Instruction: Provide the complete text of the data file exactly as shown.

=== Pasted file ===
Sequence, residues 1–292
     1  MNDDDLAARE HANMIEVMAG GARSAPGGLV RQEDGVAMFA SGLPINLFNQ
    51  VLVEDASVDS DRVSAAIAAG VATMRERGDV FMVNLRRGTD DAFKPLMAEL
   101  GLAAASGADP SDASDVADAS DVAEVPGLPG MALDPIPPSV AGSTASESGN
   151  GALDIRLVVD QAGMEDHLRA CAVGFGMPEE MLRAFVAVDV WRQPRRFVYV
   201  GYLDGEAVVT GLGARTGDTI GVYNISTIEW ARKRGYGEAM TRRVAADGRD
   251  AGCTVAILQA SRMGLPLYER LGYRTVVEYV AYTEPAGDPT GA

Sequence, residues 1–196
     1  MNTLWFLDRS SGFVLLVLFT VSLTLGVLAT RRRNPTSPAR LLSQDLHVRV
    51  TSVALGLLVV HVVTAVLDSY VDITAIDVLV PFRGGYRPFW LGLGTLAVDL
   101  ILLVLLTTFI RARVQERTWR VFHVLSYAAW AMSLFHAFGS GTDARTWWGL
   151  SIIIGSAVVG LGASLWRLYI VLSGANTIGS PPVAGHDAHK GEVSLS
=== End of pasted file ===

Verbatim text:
Sequence, residues 1–292
     1  MNDDDLAARE HANMIEVMAG GARSAPGGLV RQEDGVAMFA SGLPINLFNQ
    51  VLVEDASVDS DRVSAAIAAG VATMRERGDV FMVNLRRGTD DAFKPLMAEL
   101  GLAAASGADP SDASDVADAS DVAEVPGLPG MALDPIPPSV AGSTASESGN
   151  GALDIRLVVD QAGMEDHLRA CAVGFGMPEE MLRAFVAVDV WRQPRRFVYV
   201  GYLDGEAVVT GLGARTGDTI GVYNISTIEW ARKRGYGEAM TRRVAADGRD
   251  AGCTVAILQA SRMGLPLYER LGYRTVVEYV AYTEPAGDPT GA

Sequence, residues 1–196
     1  MNTLWFLDRS SGFVLLVLFT VSLTLGVLAT RRRNPTSPAR LLSQDLHVRV
    51  TSVALGLLVV HVVTAVLDSY VDITAIDVLV PFRGGYRPFW LGLGTLAVDL
   101  ILLVLLTTFI RARVQERTWR VFHVLSYAAW AMSLFHAFGS GTDARTWWGL
   151  SIIIGSAVVG LGASLWRLYI VLSGANTIGS PPVAGHDAHK GEVSLS